Amsterdam taxi drivers who misbehave, will in future be named and shamed, writes local newspaper Het Parool. This way the Amsterdam municipality hopes to improve the bad quality of the underperforming taxi organisations. How these misbehaving drivers and their taxi organisations will be exposed, is still under legal scrutiny, says Alderman Pieter Litjens (Traffic).
His party in the local City Council, the VVD (liberals), argues there should be a black list of drivers who routinely go wrong. An evaluation by the city shows that the number of minor offences has grown. Mystery Guests noted that drivers often said to have no change. Also documentation like rate cards is less visible. In 2014 there were major violations in five percent of the trips (running red lights or speeding), in 2015 that had increased to thirteen percent of the trips.
Supervisors also wrote longer sentences for trip refusals, meters not switched on, and unsafe behaviour. A liberal council member would like a black list to make clear which organisations have the largest numbers of misbehaving taxi drivers.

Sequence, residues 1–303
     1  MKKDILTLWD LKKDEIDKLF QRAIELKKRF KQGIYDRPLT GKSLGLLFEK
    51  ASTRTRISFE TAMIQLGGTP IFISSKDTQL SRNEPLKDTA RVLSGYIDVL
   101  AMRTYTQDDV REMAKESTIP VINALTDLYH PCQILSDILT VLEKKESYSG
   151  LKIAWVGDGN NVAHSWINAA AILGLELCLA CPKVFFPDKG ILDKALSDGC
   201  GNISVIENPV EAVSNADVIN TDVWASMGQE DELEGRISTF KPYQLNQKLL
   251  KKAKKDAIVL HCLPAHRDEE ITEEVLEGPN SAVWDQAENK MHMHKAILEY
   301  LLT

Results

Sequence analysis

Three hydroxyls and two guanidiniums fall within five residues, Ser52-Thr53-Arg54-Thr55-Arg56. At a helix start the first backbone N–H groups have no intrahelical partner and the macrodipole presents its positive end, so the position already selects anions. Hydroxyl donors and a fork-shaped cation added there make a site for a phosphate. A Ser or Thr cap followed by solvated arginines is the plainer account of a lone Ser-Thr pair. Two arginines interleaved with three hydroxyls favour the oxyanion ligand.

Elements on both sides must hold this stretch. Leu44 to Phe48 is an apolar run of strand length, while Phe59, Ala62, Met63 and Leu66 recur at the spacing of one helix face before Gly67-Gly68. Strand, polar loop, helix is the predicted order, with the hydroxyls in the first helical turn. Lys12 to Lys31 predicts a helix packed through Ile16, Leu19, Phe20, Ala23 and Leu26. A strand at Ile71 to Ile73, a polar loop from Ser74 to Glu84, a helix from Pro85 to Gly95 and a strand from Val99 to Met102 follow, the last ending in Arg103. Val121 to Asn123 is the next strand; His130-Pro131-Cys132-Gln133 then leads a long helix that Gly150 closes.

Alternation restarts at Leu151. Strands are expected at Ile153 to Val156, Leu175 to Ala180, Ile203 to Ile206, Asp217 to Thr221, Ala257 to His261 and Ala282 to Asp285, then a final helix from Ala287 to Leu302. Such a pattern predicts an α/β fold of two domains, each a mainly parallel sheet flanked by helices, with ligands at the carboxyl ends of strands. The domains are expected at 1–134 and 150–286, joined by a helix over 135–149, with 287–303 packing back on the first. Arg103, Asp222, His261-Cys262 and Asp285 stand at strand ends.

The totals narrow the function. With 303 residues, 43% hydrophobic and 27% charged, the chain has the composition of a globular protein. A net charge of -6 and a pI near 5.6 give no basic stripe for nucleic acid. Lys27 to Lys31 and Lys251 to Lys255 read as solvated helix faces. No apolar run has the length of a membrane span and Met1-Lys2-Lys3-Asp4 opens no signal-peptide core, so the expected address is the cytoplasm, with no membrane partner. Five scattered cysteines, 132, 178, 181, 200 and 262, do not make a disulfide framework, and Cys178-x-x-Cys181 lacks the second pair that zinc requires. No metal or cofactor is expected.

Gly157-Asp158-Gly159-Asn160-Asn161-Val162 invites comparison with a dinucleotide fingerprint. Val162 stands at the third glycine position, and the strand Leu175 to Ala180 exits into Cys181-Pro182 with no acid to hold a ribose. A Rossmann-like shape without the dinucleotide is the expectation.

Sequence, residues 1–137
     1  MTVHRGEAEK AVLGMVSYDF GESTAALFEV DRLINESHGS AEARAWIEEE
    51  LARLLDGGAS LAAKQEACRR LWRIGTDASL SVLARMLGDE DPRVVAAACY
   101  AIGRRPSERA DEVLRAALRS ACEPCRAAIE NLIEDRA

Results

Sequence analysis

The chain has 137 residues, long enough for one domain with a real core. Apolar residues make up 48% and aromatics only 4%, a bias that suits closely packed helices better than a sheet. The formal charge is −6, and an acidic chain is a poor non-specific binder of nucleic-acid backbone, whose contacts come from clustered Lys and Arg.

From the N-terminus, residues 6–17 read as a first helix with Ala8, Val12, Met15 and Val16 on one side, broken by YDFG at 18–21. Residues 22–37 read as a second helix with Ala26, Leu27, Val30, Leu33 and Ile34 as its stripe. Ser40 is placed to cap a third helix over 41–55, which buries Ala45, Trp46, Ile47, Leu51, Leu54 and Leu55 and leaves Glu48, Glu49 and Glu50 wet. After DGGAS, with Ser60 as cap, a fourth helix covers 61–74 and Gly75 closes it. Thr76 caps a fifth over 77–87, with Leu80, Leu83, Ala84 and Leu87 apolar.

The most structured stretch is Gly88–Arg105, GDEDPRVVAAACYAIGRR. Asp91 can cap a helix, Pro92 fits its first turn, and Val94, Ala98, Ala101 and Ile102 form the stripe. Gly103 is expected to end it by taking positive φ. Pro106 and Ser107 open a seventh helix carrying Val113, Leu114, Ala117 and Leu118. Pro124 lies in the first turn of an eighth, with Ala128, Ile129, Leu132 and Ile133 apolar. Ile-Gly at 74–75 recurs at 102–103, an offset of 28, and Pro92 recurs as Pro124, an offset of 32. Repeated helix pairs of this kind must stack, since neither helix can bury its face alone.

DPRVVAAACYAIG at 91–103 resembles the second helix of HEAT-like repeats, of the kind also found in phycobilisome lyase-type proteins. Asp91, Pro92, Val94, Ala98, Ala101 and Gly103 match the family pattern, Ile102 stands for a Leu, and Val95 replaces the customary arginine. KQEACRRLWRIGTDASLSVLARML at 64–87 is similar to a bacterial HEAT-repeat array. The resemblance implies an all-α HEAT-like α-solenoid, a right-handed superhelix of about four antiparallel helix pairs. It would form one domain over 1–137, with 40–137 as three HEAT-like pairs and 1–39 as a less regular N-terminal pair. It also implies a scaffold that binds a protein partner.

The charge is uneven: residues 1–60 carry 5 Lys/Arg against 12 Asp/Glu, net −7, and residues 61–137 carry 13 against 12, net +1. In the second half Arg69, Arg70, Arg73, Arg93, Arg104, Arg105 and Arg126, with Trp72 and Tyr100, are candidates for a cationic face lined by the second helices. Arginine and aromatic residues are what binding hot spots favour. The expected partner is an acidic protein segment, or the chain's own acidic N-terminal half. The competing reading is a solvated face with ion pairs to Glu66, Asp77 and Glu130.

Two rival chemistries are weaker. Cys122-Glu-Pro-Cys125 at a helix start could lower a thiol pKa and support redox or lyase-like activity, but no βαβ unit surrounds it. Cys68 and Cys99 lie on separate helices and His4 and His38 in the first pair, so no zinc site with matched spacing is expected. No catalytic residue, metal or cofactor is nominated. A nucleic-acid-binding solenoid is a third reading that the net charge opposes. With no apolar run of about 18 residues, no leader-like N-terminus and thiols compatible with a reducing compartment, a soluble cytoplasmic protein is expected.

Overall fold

The industry should take the lead. The organisations check the drivers, the municipality checks the organisations, that’s the way it was agreed
Litjens comments in the City Council that there has been a steady quality improvement, but that this is not expressed so clearly in a smaller number of violations. According to the Alderman the successes have been since 2013 when drivers had to come out of anonymity by joining a taxi organisation. Service improved and clients were clearly happier with their trips. Of the twelve taxi organisations five are adhering to the rules. This leading group monitors its own drivers and imposes penalties for violations. The worst group will be monitored more strictly. Bad drivers will be confronted with their behaviour and made responsible for any penalties. Those that do well will be rewarded and given privileges like exclusive use of taxi ranks, less supervision and longer licence validity.
Litjens is somewhat concerned about the cooperation with other agencies which monitor taxi drivers. The Inspectorate for Environment and Transport has successfully helped in tackling the illegal UberPOP service, but the number of inspections of ‘normal’ taxis has decreased from 1202 in 2014 to 159 in 2015.